Sometimes you really get a feel for the transitory nature of this life.  As I've mentioned before, my normal habit lately has been to go to my dad's (1.5 hrs away) on Saturday night and take him to Mass and get him his supper.  As such I've been seeing a lot of people I haven't seen in years--some folks with whom I went to high school or their parents. One couple I've seen frequently were parents of a classmate of mine and one of the "pillars" of my dad's parish.  They were there last Saturday night.  Sunday morning the husband died suddenly and unexpectedly.  Tonight at mass the family was there and Father made mention of the fact that R had been at this mass last week and that we never know when a mass will be our last mass.  

Last week I also went to mass in my parish, something I'm not doing all so often anymore, since I'm going on Saturday nights with my dad.  I was the lector and in our parish the lectors and the Extraordinary Ministers gather in the sacristy before mass.  Mention was made of one of the "pillars" of our parish and that he had decided he'd had enough medical care and called hospice.  A few days later I got an email saying he had died.  

I grew up across the country from extended family so great aunts and uncles and other folks who died were more acquaintances than beloved family members, and since we were so far away, we didn't go to the funerals.  Since we've been together, my husband lost his Dad and I've lost my Mom.  Lately we've gotten to the age where we are going to the funerals of friends' parents with some regularity.  Still, being at St. Thomas again on a regular basis has, along with my daughter's impending high school graduation and planned move to college, really brought forth to me how life moves on.  I'll see old schoolmates and note that they definitely look middle-aged now (and I do too).  The old people who are dying off are my parent's generation, not my grandparents.  I have classmates who are grandparents (and honestly, I'm old enough to be my youngest child's grandmother).  

Friday, January 25, 2013

Review: The Avalon Ladies Scrapbooking Society

About the Book:
At Madeline’s Tea Salon, the cozy hub of the Avalon community, local residents scrapbook their memories and make new ones. But across town, other Avalonians are struggling to free themselves of the past: Isabel Kidd is fixing up her ramshackle house while sorting through the complications of her late husband’s affair. Ava Catalina is mourning the love of her life and helping her young son grow up without his father. Local plumber Yvonne Tate is smart, beautiful, and new to Avalon, but finds that despite a decade of living life on her own terms, the past has a way of catching up—no matter where she goes. And Frances Latham, mother to a boisterous brood of boys, eagerly anticipates the arrival of a little girl from China—unprepared for the emotional roller coaster of foreign adoption.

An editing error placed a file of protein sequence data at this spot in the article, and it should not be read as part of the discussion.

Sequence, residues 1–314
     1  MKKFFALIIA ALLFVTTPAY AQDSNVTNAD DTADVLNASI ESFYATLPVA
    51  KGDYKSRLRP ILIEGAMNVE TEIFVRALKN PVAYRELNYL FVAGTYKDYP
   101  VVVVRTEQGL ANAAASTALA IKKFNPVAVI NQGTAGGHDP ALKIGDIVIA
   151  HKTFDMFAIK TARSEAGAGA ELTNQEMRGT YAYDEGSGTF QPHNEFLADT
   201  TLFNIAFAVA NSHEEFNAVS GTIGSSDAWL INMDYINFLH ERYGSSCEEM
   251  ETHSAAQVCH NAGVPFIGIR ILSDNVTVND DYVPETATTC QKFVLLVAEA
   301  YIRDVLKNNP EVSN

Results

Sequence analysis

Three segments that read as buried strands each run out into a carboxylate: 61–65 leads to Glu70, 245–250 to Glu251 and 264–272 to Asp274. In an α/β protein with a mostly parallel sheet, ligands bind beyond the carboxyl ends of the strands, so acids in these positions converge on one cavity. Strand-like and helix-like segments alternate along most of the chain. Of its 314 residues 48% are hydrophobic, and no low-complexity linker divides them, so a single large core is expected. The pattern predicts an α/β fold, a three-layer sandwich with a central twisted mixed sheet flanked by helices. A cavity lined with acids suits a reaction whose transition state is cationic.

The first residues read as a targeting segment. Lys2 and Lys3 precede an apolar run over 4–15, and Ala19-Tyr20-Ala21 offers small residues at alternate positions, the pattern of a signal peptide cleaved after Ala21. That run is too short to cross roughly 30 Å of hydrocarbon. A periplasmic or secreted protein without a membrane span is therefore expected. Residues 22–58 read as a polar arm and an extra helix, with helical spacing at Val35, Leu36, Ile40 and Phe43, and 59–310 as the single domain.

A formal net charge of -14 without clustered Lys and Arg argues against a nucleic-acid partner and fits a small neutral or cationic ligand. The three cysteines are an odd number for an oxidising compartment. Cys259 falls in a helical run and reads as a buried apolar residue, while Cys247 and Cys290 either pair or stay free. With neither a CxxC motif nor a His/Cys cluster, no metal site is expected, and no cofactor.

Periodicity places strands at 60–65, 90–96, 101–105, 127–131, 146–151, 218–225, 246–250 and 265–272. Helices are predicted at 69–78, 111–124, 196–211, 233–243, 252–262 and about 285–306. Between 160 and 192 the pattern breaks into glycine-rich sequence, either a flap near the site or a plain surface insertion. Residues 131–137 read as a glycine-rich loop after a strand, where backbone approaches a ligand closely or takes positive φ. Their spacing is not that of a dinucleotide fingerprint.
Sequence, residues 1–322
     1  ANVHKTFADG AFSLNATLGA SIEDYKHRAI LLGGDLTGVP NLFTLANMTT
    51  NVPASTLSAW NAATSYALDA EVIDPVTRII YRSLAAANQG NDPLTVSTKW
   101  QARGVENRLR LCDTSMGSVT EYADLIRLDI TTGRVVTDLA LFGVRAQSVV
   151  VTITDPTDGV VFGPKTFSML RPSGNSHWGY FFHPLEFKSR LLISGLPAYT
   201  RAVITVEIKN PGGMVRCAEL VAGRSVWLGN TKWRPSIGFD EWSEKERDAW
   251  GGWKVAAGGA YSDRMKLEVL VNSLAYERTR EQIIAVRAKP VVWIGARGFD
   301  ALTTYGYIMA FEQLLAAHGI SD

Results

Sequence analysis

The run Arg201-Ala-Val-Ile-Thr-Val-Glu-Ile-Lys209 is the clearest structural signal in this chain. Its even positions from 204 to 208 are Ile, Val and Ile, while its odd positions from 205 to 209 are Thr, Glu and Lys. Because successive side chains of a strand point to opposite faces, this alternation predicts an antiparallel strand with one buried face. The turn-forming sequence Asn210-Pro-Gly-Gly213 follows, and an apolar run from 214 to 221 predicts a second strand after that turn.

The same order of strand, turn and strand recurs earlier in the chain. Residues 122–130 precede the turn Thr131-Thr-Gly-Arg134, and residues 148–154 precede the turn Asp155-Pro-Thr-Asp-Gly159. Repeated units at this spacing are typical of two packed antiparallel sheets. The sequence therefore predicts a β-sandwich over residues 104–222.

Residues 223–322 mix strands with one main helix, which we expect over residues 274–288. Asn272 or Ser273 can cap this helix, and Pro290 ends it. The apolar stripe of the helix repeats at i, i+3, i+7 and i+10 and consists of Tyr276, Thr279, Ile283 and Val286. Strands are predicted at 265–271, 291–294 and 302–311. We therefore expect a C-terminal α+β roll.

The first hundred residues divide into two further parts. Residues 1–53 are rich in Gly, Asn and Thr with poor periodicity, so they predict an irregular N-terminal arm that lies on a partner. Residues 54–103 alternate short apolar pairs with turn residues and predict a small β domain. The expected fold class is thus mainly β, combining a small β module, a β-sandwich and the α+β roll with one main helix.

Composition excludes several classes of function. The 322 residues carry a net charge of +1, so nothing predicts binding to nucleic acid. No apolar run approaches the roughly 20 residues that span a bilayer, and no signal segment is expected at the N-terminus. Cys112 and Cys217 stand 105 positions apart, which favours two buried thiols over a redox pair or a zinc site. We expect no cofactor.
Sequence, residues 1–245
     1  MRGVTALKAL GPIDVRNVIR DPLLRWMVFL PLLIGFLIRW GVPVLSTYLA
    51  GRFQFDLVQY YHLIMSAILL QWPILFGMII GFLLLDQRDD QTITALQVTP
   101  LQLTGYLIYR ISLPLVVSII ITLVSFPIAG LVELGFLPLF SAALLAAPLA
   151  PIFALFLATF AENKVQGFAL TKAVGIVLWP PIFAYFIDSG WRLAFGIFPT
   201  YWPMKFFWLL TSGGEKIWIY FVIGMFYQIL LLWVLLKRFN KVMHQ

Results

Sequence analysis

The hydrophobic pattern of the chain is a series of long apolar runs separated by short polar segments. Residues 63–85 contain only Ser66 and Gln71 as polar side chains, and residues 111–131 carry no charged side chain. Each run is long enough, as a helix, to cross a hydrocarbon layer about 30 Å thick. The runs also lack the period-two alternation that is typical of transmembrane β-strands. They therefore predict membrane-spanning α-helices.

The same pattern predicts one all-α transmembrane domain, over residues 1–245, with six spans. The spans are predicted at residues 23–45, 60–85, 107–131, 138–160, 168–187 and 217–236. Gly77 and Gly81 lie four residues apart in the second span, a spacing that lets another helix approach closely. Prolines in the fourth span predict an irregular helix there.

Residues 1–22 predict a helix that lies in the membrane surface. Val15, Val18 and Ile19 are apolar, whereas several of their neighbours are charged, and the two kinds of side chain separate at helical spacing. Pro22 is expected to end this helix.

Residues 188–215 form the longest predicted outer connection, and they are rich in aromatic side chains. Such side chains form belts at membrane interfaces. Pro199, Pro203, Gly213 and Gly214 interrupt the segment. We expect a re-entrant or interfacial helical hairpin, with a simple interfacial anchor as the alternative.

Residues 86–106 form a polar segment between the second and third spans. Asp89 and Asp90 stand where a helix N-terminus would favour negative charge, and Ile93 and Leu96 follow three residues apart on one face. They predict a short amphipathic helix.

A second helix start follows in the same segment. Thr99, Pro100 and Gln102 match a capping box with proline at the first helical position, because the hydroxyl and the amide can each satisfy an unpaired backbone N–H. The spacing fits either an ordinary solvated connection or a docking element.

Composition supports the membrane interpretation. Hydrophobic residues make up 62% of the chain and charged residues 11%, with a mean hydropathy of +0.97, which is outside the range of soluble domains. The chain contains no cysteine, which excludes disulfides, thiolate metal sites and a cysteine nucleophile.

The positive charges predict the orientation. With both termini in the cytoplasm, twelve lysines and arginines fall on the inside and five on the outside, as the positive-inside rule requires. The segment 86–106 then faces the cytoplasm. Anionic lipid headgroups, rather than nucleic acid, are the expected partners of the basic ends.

Enter Bettie Shelton, the irascible founder of the Avalon Ladies Scrapbooking Society. Under Bettie’s guidance, even the most reluctant of Avalon’s residents come to terms with their past and make bold decisions about their future. But when the group receives unexpected news about their steadfast leader, they must pull together to create something truly memorable.

By turns humorous, wise, and deeply moving, The Avalon Ladies Scrapbooking Society is a luminous reminder that the things we hold most dear will last a lifetime.

My Comments:
Well, it was a digital galley; I didn't have to finish it, but I did, so it couldn't have been too bad.  On the other hand it wasn't all that great either.  Basically I found it very busy.  There were a bunch of "main" characters, each of whom had a supporting cast, and while some of the casts overlapped, many didn't.  By the Thanksgiving dinner at the end where they all came together, I didn't really feel I knew the characters much better than I did when they were first introduced.  At first I wondered if this was going to be like Debbie Macomber's yarn shop books, but all these stories seemed to have endings, which isn't say the endings were so final other books wouldn't be possible, but I don't get the impression there is more to come, and even if there is, I won't be reading them.  Sorry, this one only gets a C+.  

Thursday, January 24, 2013

Review: Another Forgotten Child

About the Book:
Eight-year-old Aimee was on the child protection register at birth. Her school repeatedly reported concerns about her bruises. And her five older half-siblings were taken into care many years ago. So no one can understand why she was left at home to suffer for so long. It seems Aimee was the forgotten child.

The social services are looking for a very experienced foster carer to look after Aimee and, when she reads the referral, Cathy understands why. Despite her reservations, Cathy agrees to Aimee on – there is something about her that reminds Cathy of Jodie (the subject of ‘Damaged’ and the most disturbed child Cathy has cared for), and reading the report instantly tugs at her heart strings.

When she arrives, Aimee is angry. And she has every right to be. She has spent the first eight years of her life living with her drug-dependent mother in a flat that the social worker described as ‘not fit for human habitation’. Aimee is so grateful as she snuggles into her bed at Cathy’s house on the first night that it brings Cathy to tears.